The “Trifecta” from Reading Horizon’s Literacy Talks podcast conducted an interview with Anita Archer recently in Season 2, Episode 7. The episode is absolutely packed with words of wisdom and is appropriately titled so. It’s well worth several listens!
Anita Archer is well known for her “Archerisms,” those golden nuggets of wisdom that so easily guide the difficult work of teaching and make classrooms hum.
When we hear “Archerism’s” like: “Teach the stuff and cut the fluff,” we are reminded that we need to be very intentional with our teaching so that high levels of learning can occur.
When we hear “Archerism’s” like, “Provide opportunities to respond,” we are reminded that everybody does everything and that we need to move away from the traditional practice of raising hands. We know that the content affects the opportunities to respond. We know that we can eliminate the complaint that “these students are so disengaged” because we have set up the conditions and expectations that ALL students are responsible for the majority of the thinking and questioning.
When we hear “Archerism’s” like, “I do it, we do it, you do it,” we are reminded that we need to teach the critical content explicitly in an effort to avoid cognitive overload. We are reminded that we need to teach, practice, practice, practice, reinforce. We are reminded that critical content includes specific procedures and routines as well as behavior expectations. And they all need to be taught, practiced, practiced, practiced, and reinforced.
When we hear “Archersim’s” like, “If you expect it, precorrect it,” we are reminded that we can predict most behavior problems.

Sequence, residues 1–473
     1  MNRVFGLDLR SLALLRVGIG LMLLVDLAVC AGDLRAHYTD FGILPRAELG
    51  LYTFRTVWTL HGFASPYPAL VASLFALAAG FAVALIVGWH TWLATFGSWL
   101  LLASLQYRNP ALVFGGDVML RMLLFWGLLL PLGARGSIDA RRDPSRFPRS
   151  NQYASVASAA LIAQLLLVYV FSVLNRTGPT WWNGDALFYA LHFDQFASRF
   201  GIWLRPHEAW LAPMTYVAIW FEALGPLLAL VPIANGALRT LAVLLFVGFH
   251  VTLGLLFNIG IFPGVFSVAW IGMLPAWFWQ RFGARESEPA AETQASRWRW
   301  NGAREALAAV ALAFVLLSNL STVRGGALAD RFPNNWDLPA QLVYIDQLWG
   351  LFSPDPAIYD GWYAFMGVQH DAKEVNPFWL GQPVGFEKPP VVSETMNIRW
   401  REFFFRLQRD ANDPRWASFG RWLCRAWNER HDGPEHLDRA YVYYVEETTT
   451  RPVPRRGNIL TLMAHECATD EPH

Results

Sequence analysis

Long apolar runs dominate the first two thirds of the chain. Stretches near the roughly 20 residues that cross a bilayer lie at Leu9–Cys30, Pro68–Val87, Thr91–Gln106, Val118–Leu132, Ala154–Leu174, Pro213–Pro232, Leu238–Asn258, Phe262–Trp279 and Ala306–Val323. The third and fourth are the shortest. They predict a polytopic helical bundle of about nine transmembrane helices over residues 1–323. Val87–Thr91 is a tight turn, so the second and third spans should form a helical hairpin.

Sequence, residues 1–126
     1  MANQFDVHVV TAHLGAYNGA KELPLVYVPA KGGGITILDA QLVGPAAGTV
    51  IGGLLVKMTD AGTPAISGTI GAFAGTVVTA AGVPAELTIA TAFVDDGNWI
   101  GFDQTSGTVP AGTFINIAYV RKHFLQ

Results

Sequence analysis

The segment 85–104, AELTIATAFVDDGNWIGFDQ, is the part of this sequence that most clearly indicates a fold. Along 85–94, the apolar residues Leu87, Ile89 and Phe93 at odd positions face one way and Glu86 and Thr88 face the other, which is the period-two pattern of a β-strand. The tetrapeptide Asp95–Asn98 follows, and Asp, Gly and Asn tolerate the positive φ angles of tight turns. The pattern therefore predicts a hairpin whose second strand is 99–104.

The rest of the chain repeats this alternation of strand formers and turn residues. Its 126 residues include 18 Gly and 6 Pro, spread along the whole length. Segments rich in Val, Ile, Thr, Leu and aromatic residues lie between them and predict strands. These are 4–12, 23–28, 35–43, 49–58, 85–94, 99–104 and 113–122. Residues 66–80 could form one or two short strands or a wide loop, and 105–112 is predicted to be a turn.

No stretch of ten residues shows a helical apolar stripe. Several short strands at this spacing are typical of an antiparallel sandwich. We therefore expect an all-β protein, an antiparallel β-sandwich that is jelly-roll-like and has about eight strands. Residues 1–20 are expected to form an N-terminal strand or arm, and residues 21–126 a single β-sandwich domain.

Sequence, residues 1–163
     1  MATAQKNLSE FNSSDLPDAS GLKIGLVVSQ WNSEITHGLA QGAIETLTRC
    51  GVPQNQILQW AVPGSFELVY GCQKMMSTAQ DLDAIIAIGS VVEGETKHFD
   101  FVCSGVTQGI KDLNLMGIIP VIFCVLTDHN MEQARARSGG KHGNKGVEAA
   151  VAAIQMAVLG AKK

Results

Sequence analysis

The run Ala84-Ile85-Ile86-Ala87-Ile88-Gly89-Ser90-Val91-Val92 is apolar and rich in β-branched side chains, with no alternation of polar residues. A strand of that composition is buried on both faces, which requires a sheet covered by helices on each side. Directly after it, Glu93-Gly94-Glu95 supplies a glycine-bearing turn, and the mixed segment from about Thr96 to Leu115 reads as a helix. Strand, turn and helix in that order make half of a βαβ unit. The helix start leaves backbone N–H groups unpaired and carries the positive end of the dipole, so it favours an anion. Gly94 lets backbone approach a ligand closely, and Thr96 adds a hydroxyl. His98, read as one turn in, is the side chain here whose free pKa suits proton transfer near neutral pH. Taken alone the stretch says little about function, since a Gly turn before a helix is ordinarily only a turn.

When we hear “Archerism’s” like, “Avoid the void, for they will fill it,” we are reminded that we need to be both very intentional and very flexible in our instructional planning.
When we hear “Archerism’s” like, “Children deserve us never giving up,” we are reminded that ALL children deserve instruction that results in high levels of learning. We are reminded that we must have tenacity. We are reminded that the job of teaching is difficult, but well worth the effort.
When we hear “Archerism’s” like, “You’re only as good in your profession as you’re willing to get better,” we are reminded that we should hold the same high expectations of ourselves that we hold for our students. We expect our students to work hard and display characteristics of life-long learning; we should do the same. We know that as we are willing to get better, we will experience discomfort and that discomfort is an indication that we are learning and growing.
When we hear “Archerism’s” like, “Teach with passion. Manage with compassion,” we are reminded that relationships are at the heart of our work. We are reminded that we must be present in our instruction. We are reminded of George Couros’ quote, “If we want to make meaningful change, we have to make a connection to the heart before we can make a connection to the mind.” We are reminded that our students may come to us with traumas and inconsistencies, but as we provide consistency for them, we strengthen our relationships with them making it possible for all to learn at high levels.